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Playing generation games over 100 memorable years
THEY may be four generations apart but love bonds these two together as they each mark their special birthdays.
Beatrice Johnson cuddles great-great-granddaughter Phoebe Justice as she celebrated her 100th birthday on Monday.
Mrs Johnson, known as Molly, was given a surprise celebration by her family in Chalgrove.
But it was not just Mrs Johnson in the limelight, as they marked Phoebe’s approaching first birthday next Thursday, youngest daughter of grandson Andy Justice.
Mrs Johnson, pictured with her grandson Andy Justice, Phoebe’s dad, when she left Headington Nursery in 1979
The centenarian said: “She is such a sweet little girl.
“There is nothing better than family, that’s all I want. I just love the little ones. I have always loved children and I get so much pleasure from seeing them. It makes me so happy.”
Born in Gloucestershire, she moved to Oxfordshire aged 18 months as her father took up a farm manager post at Woodstock’s Blenheim Palace.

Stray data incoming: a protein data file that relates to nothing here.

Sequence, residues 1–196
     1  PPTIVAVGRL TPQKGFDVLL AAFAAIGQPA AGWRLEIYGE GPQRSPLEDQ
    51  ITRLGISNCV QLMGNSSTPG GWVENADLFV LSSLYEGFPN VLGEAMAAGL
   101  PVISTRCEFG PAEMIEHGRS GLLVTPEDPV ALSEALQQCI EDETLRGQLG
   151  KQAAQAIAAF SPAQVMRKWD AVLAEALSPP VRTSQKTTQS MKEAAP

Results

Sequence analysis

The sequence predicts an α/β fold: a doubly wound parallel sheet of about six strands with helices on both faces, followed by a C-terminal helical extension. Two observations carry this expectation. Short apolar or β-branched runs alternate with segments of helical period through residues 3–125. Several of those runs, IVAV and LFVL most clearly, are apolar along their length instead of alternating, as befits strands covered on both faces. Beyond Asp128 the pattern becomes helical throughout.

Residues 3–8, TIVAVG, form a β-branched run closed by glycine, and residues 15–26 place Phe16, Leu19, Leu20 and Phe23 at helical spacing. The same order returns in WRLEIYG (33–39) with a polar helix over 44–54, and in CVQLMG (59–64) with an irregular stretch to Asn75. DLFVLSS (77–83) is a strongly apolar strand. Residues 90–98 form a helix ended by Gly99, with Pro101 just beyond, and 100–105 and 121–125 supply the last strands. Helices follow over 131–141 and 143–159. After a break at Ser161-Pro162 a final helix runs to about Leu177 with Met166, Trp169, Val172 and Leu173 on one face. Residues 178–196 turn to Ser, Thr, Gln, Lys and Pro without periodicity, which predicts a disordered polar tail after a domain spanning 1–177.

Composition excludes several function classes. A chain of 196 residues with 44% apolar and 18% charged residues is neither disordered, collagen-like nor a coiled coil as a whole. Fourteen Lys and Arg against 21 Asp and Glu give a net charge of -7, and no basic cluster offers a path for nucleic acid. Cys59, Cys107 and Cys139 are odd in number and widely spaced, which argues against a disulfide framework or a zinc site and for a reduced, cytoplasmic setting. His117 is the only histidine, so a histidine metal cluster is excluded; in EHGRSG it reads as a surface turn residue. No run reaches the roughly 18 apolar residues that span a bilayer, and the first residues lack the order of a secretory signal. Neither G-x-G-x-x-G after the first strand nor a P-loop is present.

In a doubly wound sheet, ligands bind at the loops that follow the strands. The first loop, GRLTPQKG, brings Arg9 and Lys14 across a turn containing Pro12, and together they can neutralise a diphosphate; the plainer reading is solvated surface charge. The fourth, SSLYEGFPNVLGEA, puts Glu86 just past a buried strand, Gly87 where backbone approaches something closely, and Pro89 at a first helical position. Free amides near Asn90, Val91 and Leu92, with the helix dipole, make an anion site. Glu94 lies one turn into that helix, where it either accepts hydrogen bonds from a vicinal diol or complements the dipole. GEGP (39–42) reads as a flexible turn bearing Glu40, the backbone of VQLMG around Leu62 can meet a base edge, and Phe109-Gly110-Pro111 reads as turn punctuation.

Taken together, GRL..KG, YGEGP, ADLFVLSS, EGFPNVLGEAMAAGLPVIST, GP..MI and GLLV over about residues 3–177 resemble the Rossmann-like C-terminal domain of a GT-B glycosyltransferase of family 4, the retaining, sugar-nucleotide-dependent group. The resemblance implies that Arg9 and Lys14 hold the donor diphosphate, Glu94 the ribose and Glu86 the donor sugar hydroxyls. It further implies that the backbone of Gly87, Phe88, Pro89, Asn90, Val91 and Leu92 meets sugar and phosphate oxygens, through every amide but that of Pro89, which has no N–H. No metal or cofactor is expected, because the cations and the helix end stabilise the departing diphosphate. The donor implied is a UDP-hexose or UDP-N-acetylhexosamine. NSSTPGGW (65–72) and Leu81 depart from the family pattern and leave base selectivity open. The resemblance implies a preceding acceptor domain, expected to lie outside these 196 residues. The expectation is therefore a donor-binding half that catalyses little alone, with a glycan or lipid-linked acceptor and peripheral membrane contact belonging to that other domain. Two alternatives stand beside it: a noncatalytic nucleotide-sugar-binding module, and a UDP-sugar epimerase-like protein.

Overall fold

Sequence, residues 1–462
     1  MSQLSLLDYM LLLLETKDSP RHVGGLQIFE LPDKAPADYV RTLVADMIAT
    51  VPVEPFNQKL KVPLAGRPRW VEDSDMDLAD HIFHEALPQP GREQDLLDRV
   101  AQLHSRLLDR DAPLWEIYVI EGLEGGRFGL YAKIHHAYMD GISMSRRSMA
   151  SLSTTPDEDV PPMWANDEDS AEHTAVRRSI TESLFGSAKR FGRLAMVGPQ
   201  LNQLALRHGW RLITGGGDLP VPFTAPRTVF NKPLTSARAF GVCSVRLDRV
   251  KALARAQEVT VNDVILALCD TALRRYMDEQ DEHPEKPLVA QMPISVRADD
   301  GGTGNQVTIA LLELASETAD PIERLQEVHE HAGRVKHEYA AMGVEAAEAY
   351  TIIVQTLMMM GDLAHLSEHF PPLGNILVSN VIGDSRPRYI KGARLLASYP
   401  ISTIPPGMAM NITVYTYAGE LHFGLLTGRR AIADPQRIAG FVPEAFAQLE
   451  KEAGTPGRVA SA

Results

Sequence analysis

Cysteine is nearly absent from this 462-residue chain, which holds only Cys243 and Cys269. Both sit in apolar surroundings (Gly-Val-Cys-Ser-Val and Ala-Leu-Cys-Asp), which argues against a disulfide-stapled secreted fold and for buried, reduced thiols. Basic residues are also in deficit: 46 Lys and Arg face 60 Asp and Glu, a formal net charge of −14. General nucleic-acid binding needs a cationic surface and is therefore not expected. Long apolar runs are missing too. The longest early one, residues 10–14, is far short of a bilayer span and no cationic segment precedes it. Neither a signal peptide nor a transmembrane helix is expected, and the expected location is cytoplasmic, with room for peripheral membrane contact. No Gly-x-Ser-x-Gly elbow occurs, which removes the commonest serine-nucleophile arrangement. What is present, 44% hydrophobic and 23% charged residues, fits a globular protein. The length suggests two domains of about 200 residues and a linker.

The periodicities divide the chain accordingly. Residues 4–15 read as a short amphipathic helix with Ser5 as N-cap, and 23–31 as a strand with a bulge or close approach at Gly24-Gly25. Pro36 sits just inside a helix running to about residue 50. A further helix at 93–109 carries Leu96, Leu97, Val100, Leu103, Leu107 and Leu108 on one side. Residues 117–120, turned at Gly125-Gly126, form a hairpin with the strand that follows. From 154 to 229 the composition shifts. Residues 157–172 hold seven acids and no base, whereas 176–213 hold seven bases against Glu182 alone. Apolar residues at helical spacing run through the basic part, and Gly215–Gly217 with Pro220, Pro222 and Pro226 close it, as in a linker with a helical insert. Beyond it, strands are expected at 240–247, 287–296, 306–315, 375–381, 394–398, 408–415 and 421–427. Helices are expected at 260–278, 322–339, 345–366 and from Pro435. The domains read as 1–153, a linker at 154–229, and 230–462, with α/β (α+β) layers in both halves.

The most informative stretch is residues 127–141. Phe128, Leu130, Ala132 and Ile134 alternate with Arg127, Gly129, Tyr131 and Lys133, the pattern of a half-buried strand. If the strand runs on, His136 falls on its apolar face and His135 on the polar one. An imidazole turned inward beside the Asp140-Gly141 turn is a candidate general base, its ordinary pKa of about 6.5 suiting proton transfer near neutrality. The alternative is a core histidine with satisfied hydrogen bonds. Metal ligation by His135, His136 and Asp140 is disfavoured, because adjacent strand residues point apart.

She and her six siblings grew up on the estate, saying: “I just had the most happy childhood there.”
After her father died in 1932, estate owner the Duke of Marlborough gave the family a house in nearby Combe.
She went into service for the Ponsonby family – including former Lord Lieutenant of Oxfordshire Ashley Ponsonby – on the Woodleys farm near Woodstock until she married husband William in 1942.
For part of the Second World War she worked at Cowley’s Morris Motors factory but soon found her true calling in education.
She spent the next 47 years working in Headington schools, as an assistant, including 35 years at Headington Nursery in Gladstone Road.
Later, she moved to independent Headington School, where she worked for a further 12 years.
She raised daughters Diana and Rosemary and be grandmother to six, great-grandmother to 13 and now great-great-grandmother to one.
She has lived in the same house in Stephen Road, Headington, for the past 73 years and is looked after by son-in-law Stuart Justice.
The neighbourhood has changed somewhat during that time, she said.
She said: “Someone said to me ‘is this area Oxford’s car park?’ It used to be quite a quiet residential area, but there has been a lot of new houses and new hospital buildings go up.”
Asked the secret of a long life, she said: “I have always been quite happy.
“I have always had to work hard; hard work never killed anybody.
“It’s not the hard work that kills you, it’s the worry.”
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